Simplicity

I am an engineer by trade, and Wife points out that I have an engineer mind.

While I spend much of my time working with complex systems, I understand that simplicity is king. Simplicity is actually quite difficult to achieve because it takes work. You start off doing what you need to do, over time things grow and it will become more complex and kinda messy. You must take the time to stop, step back, and reengineer and rearchitect things to regain that simplicity. Typically this will mean you must discard and cast off.

Antoine de Saint-Exupery said:

Perfection is achieved, not when there is nothing more to add, but when there is nothing left to take away.

Tao Te Ching #48:

In the practice of the Tao,
every day something is dropped.
Less and less do you need to force things,
until finally you arrive at non-action.

Simple is not easy, but it is best.

I’ve seen a few things in the past couple days that reinforce this.

I stumbled across this blog posting on “What is good code?

Good code is simple. Even complex good code is comprised of simple building blocks. Good code hides or cuts through the complexity in the problem, to provide a simple solution – the sign of a true coding genius is that he makes hard problems look easy, and solves them in such a way that anyone can understand how it was done (after the fact). Simplicity is not really a goal in its own right, though; it’s just that by means of being simple, code is more readable, discoverable, testable, and maintainable, as well as being more likely to be robust, secure and correct! So if you keep your code simple (as simple as possible, but no simpler), it is more likely to be good code – but that is by no means sufficient in and of itself.

And all of this talk of simplicity isn’t just something for the world of engineering…. I think it applies to all things in life, and I think it’d do well to be applied to government.

Witness the mess there is in classifying sensitive information: (h/t Slashdot)

Protecting and classifying sensitive information such as social security numbers shouldn’t be that hard, but perhaps not surprisingly the US government has taken complicating that task to an art form.

It seems that designating, safeguarding, and disseminating such important information involves over 100 unique markings and at least 130 different labeling or handling routines, reflecting a disjointed, inconsistent, and unpredictable system for protecting, sharing, and disclosing sensitive information, according to the watchdogs at the Government Accountability Office.

Read the full article (it’s short) to see just how messy the problem is. This is not simplicity, this is about the furthest thing from simplicity. How does this make life easier?

Then I see this flowchart on Department of Defense acquisitions:

The Integrated Defense Acquisition, Technology, and Logistics Life Cycle Management System -- MY BRAIN HURTS!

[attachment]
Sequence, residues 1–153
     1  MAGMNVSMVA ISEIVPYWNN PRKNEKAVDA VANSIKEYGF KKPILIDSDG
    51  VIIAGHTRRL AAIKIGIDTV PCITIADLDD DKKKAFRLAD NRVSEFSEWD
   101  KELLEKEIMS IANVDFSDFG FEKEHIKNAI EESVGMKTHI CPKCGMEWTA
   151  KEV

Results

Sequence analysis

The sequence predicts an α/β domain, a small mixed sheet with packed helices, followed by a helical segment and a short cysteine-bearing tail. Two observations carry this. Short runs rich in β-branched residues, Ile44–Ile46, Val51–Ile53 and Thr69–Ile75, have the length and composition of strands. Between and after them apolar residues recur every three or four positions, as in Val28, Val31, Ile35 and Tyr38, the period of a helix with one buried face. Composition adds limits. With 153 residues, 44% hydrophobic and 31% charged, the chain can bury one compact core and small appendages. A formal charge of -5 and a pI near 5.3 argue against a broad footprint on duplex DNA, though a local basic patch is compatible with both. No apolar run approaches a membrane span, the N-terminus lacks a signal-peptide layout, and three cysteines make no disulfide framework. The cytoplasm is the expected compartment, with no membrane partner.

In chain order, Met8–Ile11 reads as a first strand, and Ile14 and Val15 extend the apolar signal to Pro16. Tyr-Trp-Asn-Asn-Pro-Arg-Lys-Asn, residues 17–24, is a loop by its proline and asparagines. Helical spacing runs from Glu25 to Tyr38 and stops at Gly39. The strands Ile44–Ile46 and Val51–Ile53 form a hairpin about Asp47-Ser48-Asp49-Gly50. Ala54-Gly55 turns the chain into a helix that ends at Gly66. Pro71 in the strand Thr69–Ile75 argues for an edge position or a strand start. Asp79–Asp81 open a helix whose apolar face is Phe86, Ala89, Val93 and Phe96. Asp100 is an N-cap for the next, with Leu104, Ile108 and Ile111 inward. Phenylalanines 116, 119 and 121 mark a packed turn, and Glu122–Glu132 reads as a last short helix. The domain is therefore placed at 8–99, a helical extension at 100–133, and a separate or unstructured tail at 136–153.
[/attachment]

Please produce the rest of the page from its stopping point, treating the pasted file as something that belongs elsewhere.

Wow. Even the name (The Integrated Defense Acquisition, Technology, and Logistics Life Cycle Management System) is a complex beast.

I truly hope no one considers that to be a simple, streamlined process.

Have you ever noticed, any time the government talks about streamlining or improving their process, they always create some new group to do so? Nothing ever gets shut down or shed or cast off… it’s always grows.

If people are tired at how inefficient government is, at how bloated and slow it is, how complex, how confusing… why aren’t we working to truly simplify things? Why does no one believe in casting off? Why do we call them “law-makers”, as that seems to imply all they can do is make more laws instead of refining or repealing what we already have?

Why don’t we have any politicians that run on a platform of repealing, stripping down, and simplifying? Why is a discussion of “loss of government jobs” considered a bad thing? closing of government agency a bad thing?

Consider how truly simple things are better in life (or at least, consider how those ugly complex things make life difficult). Work towards the ideal.

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2 thoughts on “Simplicity”

  1. “For every complex problem there is an answer that is clear, simple, and wrong.”
    - H. L. Mencken

    There are plenty of things that are complex because that is the best way to do it. Farm equipment for example. Some of those combines are incredibly complex to solve problems that unavoidably complex.

    Simplicity is a great goal, but complexity, in and of itself, is not a sign of failure.

    1. Ah, but simplicity is relative. You know… be as simple as possible, but no simpler.

      Some things can have lots of parts, lots of bits and pieces, and end up being quite a mountain of stuff. But if that’s what’s necessary to get the job done, then it is. However, should the mountain be bigger than what’s necessary to get the job done?

      So, a combine may be more complex than a hand-flail, but how complex does a combine have to be to get the job done? How much extra and perhaps unnecessary stuff might be there in a particular design? So relatively speaking it may have more parts and interactions, but if it’s as simple as it can be to do what it needs, there we go.

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